Sherlock Holmes is a very-huge recovery and restoration miracle. San Francisco Silent worked with the Cinémathèque Française to restore the film. The film is significant because of William Gillette – regarded as the foremost interpreter of Sherlock Holmes on the stage. Conan Doyle had put the character to rest long before Gillette wrote a treatment that combined several of the stories. He then asked Conan Doyle if he could do it. He responded, ‘OK, bring the guy back to life.’

William Gillette as "Sherlock Holmes" (1916)

“Gillette was the quintessential Sherlock Holmes and had been playing him on the stage for many years. But Gillette knew he was getting too old to continue portraying him and that the film had to happen right now. Sherlock Holmes aficionados have been looking for this film for years. It’s like the Holy Grail.  A couple of years ago Cinémathèque Française was going through its entire collection. They got to the S’s and there it was. It runs 116 minutes and was the only film he ever made.”

The Donovan Affair (1929)The Donovan Affair is an interesting film. Frank Capra billed it as his first all-talkie movie. It was very early in the sound era and sound wasn’t married to the print. It was on big metal disks which the reel projectionist had to sync-up. Those were lost. The print that exists at the Library of Congress is without any sound. Because it was a talkie, it’s incomprehensible. Bruce Goldstein, who runs The Film Forum in New York, was obsessed for years by this search for the shooting script. He finally found a partial script at the New York Board of Censors. He got character actors who studied the roles and used things like lip reading to fill-in problems with the script. Now they have a full script. They are going to be presenting it with full script, full acting. It’s going to be really fun.”

The San Francisco Silent Film Festival is distinguished by its phenomenal roster of musicians who accompany each film, including this year’s admission-free events – Amazing Tales from the Archives accompanied by renowned pianist Donald Sosin; and So You Think You Know Silents accompanied by pianist Steve Sterner of the Gower Gulch Players. Other guest musicians include:
The Berklee Silent Film Orchestra (The Last Laugh)
Frank Bockius (Cave of the Spider Women, The Ghost Train, Sherlock Holmes)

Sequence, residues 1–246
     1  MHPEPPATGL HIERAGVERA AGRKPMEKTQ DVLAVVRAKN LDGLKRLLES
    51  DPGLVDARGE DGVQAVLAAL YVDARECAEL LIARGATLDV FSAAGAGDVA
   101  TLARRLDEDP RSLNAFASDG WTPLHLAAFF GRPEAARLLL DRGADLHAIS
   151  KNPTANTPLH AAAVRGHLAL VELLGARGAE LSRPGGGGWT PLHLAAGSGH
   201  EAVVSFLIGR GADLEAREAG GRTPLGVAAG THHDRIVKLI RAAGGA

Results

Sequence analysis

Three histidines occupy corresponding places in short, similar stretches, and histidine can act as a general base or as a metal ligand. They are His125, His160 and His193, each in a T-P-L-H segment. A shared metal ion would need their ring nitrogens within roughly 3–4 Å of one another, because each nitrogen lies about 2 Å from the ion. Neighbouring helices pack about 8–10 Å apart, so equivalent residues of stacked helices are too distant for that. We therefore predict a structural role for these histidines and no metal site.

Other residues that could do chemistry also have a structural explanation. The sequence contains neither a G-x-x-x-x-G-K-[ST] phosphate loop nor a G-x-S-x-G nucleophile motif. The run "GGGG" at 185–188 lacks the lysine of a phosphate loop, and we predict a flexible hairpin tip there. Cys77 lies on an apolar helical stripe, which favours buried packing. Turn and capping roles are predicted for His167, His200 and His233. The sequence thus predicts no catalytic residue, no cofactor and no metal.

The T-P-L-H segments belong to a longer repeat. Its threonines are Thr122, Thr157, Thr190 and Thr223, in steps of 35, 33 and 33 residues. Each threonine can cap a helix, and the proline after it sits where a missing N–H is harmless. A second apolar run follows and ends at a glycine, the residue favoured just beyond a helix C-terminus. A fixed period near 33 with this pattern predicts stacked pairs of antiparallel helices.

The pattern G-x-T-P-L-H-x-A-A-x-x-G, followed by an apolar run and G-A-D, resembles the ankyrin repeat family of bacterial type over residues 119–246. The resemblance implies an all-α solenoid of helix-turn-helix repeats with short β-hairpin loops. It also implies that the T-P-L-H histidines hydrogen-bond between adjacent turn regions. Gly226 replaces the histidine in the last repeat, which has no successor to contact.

Serge Bromberg (The Amazing Charley Bowers)
Guenter Buchwald (Pan, Sherlock Holmes, The Deadlier Sex)
Earplay (Emak-Bakia in Avant-Garde Paris)
Stephen Horne (When the Earth Trembled, The Ghost Train, Visages d’Enfants, Ménilmontant in Avant-Garde Paris, The Swallow and the Titmouse)
The Matti Bye Ensemble (Flesh and the Devil, Norrtullsligan)

Flesh and the DevilFuture programming more or less begins after the last screening at every Festival. I asked Anita if this year’s Anniversary had a controlling theme and if certain films had been standing in line for awhile.

“We don’t have room for a theme. We try to be balanced with our approach. For instance, a World War I anti-war film – a tragedy, a really beautiful masterpiece – then on to a weird Chinese curiosity, followed by a three-reeler about the San Francisco earthquake [When the Earth Trembled]. As the year went along, I saw that Norrtullsligan was at Il Cinema Ritrovato in Bologna. Then it was like, ‘Oh, that restoration! Yes, we definitely want to do that.’ There are any number of titles that are kind-of in the back of my mind. For instance, Flesh and the Devil. I particularly wanted to bring this back. It had been one of our winter events, an off-season event with the Mighty Wurlitzer. Stacey Wisnia [Executive Director] and I both had the feeling we wanted to do it with an ensemble, especially the Matti Bye Ensemble. They have an affinity for Greta Garbo and Lars Hanson. It’s that Swedish-thing going on there.”

“What film are you really-really looking forward to?”

Lillebil Ibsen. As Eva in Pan (1922)“I am such a fan of Pan. It was a revelation to me. It’s a Norwegian film based on the novel by Knut Hamsun. The actor, Hal Schwenzen, directed it, made it – an obvious labor of passion. It’s not a straightforward narrative, but it’s very evocative and true about human emotion. I saw it last October at the Le Giornate del cinema muto in Pordenone, Italy. The psychology seems very modern. In fact, everything about the storytelling is very modern. I love it.”

The Festival closes with M.G.M’s premiere masterpiece from 1925, Ben-Hur, starring Ramón Novarro and Francis X. Bushman. The screening will be preceded by Kevin Brownlow on stage in conversation with Serge Bromberg.

“Ben-Hur is unusual because it’s the first time we’ve shown anything without live musical accompaniment. Kevin Brownlow is bringing his personal print from England. It’s with the Carl Davis score. We wanted to do a program where Kevin Brownlow talked about some stories from his life and his interviewing a lot of people he knew from the silent era. We wanted to take that first hand stuff from him and impart it to our audience. The main focus of the show for me is Serge Bromberg and Kevin Brownlow in conversation.”

Francis and Ramon